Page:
'Man strength' a bonus for Ricky Burns ahead of Kevin Mitchell bout

By Keir MurrayBBC Sport Scotland

WBO world champion Ricky Burns feels fighting at lightweight is bringing out the best in him.

The Coatbridge boxer defends his title against Kevin Mitchell in Glasgow on Saturday in front of up to 10,000 fans, his third bout at the heavier weight.

"The move up to lightweight has done me good," said Burns, 29. "There is no more killing myself worrying about what I'm eating and making the weight.

"I have matured as a fighter. I've got my man strength now. I'm stronger."

His bout against Dagenham's Mitchell, two years Burns's junior, will be a stiff test for the Scot.

The pair have comparable records: Burns has lost twice in 36 bouts but not since February 2007, when he was beaten on points by Carl Johanneson while challenging for the British super-featherweight title.

A year after that bout, Mitchell beat Johanneson to claim the British title.

Mitchell has tasted defeat only once in 34 bouts, to Michael Katsidis just over two years ago, when the Essex fighter had gone off the rails in his private life.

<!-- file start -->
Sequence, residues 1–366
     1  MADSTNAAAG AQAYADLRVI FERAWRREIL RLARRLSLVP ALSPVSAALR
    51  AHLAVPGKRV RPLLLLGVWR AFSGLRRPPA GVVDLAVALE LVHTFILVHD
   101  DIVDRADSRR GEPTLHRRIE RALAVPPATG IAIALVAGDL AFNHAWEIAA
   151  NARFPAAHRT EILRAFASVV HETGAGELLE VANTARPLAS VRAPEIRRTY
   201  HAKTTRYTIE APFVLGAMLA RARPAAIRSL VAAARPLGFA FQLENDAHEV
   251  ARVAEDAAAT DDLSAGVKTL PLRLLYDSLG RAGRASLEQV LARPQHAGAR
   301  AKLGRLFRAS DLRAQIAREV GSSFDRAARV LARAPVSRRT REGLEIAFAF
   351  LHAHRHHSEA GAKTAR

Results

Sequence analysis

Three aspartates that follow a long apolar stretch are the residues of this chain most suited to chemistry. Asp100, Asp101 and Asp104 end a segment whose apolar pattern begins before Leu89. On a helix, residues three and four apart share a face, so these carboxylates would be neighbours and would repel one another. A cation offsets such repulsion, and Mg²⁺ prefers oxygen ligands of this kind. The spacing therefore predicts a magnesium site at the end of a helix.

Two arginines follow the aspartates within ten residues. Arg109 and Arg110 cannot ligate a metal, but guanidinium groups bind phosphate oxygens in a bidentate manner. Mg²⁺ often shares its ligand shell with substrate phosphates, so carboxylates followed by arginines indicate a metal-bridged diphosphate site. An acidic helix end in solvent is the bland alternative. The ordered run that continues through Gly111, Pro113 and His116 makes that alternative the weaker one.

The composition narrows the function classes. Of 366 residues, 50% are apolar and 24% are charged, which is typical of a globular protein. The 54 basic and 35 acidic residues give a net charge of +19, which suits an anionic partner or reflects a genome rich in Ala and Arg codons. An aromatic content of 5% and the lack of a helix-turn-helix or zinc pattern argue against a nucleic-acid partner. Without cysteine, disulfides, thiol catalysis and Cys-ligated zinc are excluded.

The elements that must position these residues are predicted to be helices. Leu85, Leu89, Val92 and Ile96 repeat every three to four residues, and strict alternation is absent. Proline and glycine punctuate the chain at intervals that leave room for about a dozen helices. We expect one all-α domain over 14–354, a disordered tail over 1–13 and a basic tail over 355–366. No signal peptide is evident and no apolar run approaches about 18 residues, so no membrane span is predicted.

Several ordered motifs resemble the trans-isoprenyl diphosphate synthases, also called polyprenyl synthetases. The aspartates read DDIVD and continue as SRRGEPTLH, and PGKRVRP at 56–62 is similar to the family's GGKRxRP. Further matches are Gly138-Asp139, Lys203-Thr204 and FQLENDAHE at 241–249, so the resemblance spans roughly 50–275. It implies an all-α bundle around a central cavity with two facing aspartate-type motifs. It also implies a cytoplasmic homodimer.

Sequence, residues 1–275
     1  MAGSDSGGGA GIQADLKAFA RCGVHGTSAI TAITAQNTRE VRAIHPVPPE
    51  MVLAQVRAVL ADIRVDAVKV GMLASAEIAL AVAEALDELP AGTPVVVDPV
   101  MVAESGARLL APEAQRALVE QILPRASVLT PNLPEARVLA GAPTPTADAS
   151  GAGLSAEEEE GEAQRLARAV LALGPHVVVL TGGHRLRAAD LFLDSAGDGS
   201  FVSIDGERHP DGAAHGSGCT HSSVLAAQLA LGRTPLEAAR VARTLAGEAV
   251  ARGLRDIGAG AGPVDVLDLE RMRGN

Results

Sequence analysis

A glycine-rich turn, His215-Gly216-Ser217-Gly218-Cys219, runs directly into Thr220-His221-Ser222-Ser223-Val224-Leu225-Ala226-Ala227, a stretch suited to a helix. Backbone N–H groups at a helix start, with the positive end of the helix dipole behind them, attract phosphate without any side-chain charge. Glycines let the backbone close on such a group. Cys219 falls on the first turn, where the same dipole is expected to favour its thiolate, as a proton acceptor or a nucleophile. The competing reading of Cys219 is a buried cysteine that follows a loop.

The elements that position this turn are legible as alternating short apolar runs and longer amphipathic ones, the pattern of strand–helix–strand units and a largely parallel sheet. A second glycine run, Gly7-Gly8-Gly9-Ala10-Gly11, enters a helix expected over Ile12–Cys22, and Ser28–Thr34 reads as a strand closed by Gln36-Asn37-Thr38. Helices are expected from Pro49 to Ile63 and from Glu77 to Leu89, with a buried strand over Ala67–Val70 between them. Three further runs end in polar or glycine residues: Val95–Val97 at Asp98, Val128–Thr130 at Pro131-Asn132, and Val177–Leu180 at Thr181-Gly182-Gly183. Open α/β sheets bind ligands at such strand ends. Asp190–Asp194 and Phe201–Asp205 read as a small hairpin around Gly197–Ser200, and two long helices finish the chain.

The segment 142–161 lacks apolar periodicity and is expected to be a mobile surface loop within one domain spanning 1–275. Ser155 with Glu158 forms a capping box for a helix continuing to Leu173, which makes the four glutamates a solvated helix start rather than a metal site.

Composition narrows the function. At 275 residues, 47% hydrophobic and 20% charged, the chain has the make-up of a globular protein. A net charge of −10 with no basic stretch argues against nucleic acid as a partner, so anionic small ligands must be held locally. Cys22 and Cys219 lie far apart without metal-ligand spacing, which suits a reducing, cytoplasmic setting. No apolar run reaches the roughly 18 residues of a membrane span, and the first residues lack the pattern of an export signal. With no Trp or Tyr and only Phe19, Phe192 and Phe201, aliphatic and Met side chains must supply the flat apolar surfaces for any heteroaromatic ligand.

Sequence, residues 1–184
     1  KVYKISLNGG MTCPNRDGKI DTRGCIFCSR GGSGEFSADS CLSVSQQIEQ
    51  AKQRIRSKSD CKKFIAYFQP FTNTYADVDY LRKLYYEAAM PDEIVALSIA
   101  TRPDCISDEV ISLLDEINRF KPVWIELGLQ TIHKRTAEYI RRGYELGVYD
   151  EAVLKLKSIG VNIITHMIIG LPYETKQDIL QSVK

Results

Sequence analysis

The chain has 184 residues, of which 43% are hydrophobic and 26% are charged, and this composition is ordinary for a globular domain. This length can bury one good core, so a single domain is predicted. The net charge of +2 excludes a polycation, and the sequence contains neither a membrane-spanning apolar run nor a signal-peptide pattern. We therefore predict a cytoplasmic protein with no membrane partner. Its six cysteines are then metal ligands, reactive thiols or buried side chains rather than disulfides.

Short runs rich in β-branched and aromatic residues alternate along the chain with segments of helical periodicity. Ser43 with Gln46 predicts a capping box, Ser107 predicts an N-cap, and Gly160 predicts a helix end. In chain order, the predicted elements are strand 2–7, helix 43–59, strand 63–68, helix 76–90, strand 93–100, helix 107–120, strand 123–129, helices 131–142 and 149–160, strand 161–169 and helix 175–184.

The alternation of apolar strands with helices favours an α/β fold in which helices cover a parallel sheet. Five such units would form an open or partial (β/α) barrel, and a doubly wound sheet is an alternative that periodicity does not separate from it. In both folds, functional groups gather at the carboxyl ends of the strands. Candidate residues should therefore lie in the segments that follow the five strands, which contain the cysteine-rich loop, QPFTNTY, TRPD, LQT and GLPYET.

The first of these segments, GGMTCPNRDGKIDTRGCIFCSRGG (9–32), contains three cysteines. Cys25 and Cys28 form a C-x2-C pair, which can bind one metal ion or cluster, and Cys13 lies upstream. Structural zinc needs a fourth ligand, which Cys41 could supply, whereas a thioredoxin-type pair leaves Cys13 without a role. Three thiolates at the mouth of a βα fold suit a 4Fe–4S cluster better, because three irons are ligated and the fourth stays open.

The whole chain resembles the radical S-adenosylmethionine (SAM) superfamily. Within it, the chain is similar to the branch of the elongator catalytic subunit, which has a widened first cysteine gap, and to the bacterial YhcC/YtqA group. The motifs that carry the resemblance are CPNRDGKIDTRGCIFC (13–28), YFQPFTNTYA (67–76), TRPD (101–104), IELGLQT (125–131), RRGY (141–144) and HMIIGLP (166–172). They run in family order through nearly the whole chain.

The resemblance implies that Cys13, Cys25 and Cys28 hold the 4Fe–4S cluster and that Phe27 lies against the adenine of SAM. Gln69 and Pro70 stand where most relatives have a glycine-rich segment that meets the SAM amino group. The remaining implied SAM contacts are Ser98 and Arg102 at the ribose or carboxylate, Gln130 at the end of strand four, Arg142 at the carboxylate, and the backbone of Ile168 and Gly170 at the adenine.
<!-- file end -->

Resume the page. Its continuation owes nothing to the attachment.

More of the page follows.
Katsidis, of course, was on the receiving end of Burns's fists at Wembley in his first bout since moving up from super-featherweight, at which weight he was also world champion.

"I feel I have improved as a fighter," Burns told BBC Scotland.

"I am a lot more aggressive and physically stronger and hopefully I can show that on Saturday night.

"I am just counting down the days. All the preparation went well. I am prepared for whatever happens.

"It is now just a case of keeping sharp and getting the weigh-in over on Friday.

"To me, it is just another fight, but I know it is going to be a very hard fight.

"I think we've got all bases covered. Whatever Kevin brings to the table on Saturday, we are going to be ready for it."

It is not just in the ring that Burns and Mitchell engage in battle - they enjoy a spot of virtual gaming from opposite ends of the British Isles, the pair having built up a friendship as they developed through boxing's ranks.

"Me and Kevin get on well, but once we step in that ring, it is time to go to work. Friendship is put aside for one night," added Burns.

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